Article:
Press-Releases

U.S. Senator: Travel Insurance Must Waive Exclusions During Coronavirus

Senator Markey cites unfair and misleading advertising

U.S. Senator: Travel Insurance Must Waive Exclusions During Coronavirus

As the U.S. State Department announces a worldwide travel advisory asking U.S. citizens to avoid all international travel, Senator Edward J. Markey (D-Mass.) wrote to the United States Travel Insurance Association (USTIA) calling on American travel insurance companies to provide coverage to consumers who purchased travel insurance plans but whose claims related to the coronavirus are being denied.

As many Americans follow the advice of public health officials to shorten or cancel their trips, consumers are turning to the travel insurance policies they purchased with the expectation that unexpected changes to their travel plans will be covered. But these travelers are discovering that, unless they fall ill from coronavirus, the insurance plans they purchased will not cover coronavirus-related claims.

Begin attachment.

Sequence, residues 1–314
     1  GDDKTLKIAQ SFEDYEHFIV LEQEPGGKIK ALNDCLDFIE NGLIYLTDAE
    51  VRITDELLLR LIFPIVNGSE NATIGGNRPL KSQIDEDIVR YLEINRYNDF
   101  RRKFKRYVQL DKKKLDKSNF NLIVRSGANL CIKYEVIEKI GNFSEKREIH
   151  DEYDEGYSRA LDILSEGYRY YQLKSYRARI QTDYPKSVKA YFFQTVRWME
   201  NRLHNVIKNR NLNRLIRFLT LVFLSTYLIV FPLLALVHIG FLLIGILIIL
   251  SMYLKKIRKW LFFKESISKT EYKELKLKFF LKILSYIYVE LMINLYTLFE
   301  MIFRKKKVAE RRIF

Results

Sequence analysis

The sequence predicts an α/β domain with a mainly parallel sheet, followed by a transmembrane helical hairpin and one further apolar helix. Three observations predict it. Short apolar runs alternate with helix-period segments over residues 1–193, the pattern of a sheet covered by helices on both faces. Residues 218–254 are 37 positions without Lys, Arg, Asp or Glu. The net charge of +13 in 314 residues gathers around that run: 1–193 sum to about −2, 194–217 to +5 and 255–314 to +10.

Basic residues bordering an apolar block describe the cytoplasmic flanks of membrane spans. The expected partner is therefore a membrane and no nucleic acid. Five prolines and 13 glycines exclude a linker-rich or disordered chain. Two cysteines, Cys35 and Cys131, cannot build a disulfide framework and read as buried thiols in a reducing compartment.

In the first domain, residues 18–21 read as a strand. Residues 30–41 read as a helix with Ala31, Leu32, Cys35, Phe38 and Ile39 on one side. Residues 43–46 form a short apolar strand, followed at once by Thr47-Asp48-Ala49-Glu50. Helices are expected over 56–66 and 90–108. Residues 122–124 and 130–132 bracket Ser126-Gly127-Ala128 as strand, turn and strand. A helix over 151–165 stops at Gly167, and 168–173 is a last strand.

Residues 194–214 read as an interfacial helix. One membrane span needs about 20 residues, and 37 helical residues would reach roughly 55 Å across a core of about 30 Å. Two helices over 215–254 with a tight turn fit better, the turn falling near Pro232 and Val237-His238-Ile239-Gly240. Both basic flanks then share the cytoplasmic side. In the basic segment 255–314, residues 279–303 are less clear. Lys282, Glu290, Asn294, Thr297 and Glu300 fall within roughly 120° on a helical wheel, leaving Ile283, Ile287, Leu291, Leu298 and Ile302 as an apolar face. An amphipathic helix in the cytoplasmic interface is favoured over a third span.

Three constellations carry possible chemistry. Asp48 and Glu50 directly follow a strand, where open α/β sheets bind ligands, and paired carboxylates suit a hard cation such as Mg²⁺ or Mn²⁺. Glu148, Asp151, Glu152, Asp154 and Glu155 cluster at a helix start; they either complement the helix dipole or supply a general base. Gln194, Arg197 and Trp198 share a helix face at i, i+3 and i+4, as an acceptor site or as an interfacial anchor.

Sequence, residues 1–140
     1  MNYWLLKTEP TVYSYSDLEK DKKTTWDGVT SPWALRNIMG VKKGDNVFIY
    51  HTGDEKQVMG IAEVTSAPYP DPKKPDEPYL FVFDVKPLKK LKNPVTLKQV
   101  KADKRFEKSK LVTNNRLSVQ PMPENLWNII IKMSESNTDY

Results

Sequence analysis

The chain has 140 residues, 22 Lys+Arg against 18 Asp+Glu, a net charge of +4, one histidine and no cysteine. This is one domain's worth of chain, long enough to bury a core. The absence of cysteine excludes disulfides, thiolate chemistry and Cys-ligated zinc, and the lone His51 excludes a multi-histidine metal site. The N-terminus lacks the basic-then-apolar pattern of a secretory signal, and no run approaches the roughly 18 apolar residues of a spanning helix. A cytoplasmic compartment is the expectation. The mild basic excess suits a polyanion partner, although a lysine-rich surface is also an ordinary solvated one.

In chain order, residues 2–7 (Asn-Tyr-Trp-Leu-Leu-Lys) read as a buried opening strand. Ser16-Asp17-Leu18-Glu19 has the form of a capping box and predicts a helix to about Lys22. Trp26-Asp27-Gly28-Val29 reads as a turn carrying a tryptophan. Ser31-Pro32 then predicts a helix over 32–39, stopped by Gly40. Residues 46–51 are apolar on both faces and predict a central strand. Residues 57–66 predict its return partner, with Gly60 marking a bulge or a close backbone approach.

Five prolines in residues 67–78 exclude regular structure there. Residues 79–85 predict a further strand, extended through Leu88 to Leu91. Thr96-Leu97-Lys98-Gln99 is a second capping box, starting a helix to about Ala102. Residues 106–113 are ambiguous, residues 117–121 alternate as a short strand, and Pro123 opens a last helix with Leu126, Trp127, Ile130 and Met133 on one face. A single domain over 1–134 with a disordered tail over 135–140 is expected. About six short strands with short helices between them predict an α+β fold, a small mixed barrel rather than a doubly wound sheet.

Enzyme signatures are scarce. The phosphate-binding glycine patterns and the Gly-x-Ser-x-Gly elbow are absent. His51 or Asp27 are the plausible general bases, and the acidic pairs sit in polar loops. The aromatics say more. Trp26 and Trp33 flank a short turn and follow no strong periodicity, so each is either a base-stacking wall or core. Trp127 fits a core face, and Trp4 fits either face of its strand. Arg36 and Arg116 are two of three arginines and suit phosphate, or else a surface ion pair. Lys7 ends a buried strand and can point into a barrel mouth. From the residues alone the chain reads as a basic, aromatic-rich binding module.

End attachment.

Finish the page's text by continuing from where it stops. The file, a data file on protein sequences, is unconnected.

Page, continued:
This is even more concerning to Americans overseas who have been forced to pay exorbitant prices for flights to return home in response to sudden changes such as the Trump administration’s European travel ban or a foreign country’s quarantine or lockdown.

“Individuals who travel now are placing themselves and others at legitimate risk of contracting or spreading the coronavirus,” said Senator Markey. “Insurance companies should not be in the business of effectively encouraging travel in this emergency situation by refusing to honor travel insurance policies when consumers wish to cancel or change travel plans because their lives, and the lives of others, depend on it.

“For the health and financial security of the many Americans who are only now discovering the limits of the travel insurance policies they purchased, it is time for your industry to act and waive exclusions that foreclose coronavirus-based claims.”

In his letter, Senator Markey says: “What travelers are experiencing today is more than a vague or general ‘fear of travel.’ Individuals who travel now are placing themselves and others at legitimate risk of contracting or spreading the coronavirus. Insurance companies should not be in the business of effectively encouraging travel in this emergency situation by refusing to honor travel insurance policies when consumers wish to cancel or change travel plans because their lives, and the lives of others, depend on it.”

A copy of Senator Markey’s letter can be found HERE.